EU referendum could 'imperil UK', Carwyn Jones warns
A referendum on membership of the EU could put the UK itself under strain, First Minister Carwyn Jones will say.
Some figures within the Labour Party want to offer voters an in/out referendum on the EU.
But Welsh Labour leader Mr Jones will say that advocates risk "imperilling the very future of the UK".
In a speech in London on Thursday he will also say the Welsh assembly should be able to nominate members of the House of Lords.
Last month, Labour defence spokesman Jim Murphy - a former Europe minister - said Britain would eventually have to stage a vote on its EU membership, but now was not the right time to do it.
Labour MP Jon Cruddas, who is leading a policy review for party leader Ed Miliband, has said Labour will consider the case for a referendum.
Former Welsh Secretary Peter Hain has also said Labour should not fear the idea.
But in a lecture at the London School of Economics, Mr Jones will warn about the prospect of English voters opting to leave the EU while other parts of the UK vote to stay in.
"That would put us under enormous strain, and could only serve the interests of those who wanted the United Kingdom to cease to exist," he will say.
"It is ironic that those who are pressing for an in/out referendum on the grounds of their commitment to the United Kingdom may actually be imperilling the very future of the UK as presently constituted.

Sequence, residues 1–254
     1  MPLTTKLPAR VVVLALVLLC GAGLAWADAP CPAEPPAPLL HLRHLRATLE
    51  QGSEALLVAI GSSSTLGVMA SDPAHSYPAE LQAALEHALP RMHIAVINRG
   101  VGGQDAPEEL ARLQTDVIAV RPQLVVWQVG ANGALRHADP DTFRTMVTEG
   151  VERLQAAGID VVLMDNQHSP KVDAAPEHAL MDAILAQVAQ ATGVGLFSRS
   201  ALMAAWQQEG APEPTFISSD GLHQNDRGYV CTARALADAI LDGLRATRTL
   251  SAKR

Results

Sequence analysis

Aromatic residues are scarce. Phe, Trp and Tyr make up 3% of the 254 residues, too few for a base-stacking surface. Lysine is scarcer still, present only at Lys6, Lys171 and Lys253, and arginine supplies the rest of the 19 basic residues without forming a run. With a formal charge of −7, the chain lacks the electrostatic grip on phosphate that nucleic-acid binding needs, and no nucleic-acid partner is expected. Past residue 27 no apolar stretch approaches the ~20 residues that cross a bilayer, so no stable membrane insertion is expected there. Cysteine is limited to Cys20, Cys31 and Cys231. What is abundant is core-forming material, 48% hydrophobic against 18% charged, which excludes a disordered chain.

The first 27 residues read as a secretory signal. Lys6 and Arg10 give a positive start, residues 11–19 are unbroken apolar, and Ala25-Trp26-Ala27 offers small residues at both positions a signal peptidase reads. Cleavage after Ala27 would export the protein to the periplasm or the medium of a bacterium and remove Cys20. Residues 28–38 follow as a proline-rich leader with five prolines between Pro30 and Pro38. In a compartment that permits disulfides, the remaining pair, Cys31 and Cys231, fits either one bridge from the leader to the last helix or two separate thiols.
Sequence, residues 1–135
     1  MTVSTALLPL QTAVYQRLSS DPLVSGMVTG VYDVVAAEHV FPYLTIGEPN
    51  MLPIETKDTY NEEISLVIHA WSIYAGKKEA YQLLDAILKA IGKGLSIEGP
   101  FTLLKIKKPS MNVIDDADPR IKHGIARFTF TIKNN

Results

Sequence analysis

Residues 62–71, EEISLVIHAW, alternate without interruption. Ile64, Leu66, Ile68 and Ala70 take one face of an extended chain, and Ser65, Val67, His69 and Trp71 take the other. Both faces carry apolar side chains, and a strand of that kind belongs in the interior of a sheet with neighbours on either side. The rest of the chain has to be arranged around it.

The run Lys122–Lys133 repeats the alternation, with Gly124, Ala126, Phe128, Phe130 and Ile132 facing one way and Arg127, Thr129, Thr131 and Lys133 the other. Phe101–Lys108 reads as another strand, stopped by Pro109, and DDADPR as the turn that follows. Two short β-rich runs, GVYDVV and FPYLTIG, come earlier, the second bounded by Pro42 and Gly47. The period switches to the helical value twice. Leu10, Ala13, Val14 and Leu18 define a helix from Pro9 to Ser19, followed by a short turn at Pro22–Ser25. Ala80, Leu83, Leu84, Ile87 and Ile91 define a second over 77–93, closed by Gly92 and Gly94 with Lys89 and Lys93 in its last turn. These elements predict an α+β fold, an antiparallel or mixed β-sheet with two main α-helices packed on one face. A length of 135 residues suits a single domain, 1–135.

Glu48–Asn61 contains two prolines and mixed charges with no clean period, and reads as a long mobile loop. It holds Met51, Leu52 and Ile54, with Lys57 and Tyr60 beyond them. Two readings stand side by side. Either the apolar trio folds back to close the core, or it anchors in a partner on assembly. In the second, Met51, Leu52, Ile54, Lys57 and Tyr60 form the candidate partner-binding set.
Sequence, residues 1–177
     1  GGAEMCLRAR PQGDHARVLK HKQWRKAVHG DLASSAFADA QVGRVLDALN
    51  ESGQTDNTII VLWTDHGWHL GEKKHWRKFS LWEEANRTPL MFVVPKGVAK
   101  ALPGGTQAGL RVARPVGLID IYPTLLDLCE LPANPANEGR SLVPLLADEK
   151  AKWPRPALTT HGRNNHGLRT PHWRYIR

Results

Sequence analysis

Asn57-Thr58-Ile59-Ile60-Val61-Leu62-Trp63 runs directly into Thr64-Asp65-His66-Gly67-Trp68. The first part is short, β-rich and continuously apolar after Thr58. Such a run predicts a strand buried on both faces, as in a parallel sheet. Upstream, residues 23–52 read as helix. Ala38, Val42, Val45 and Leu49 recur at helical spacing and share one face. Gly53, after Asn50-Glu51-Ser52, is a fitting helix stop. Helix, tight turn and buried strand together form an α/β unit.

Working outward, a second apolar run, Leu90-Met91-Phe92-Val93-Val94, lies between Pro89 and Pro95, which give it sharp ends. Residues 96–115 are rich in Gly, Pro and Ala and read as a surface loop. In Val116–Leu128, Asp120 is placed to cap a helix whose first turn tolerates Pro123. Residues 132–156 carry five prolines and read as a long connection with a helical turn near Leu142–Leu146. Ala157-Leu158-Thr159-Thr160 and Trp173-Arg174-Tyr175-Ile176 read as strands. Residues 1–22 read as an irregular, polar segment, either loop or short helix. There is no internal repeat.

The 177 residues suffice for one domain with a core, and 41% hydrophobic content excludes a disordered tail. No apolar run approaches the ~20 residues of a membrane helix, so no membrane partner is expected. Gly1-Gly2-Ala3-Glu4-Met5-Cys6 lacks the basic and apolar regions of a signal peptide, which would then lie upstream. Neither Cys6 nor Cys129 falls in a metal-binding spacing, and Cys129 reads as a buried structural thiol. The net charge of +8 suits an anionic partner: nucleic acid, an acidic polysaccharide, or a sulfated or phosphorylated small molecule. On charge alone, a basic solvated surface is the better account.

"And that would be a matter of grave concern to the majority of people in Wales."
A similar scenario has been raised by Plaid Cymru MP Jonathan Edwards who this week said conflicting results around the UK about leaving the EU could fuel demands for Welsh independence.
It comes after Labour MPs sided with Conservative rebels to defeat the UK government in a Commons vote on the EU budget.
Asked if he supported the tactic, Mr Jones told AMs this week that the Welsh government "would not be in favour of cutting the budget available for funds that help the people of Wales".
Also in his speech on Thursday, he will restate his position that control over income tax cannot be devolved without a referendum.
The Silk Commission into the future of devolution is due to report this month on whether the Welsh government should acquire new tax-varying powers.
Despite the "practical barriers" to income tax devolution, Mr Jones will say there may be scope for a system where part of the Welsh government's resources come from Welsh income tax receipts, but without the devolution of powers to vary income tax rates.
And he will say that if peers are to continue to be appointed to the House of Lords instead of being elected, the devolved legislatures should be allowed to nominate some of them.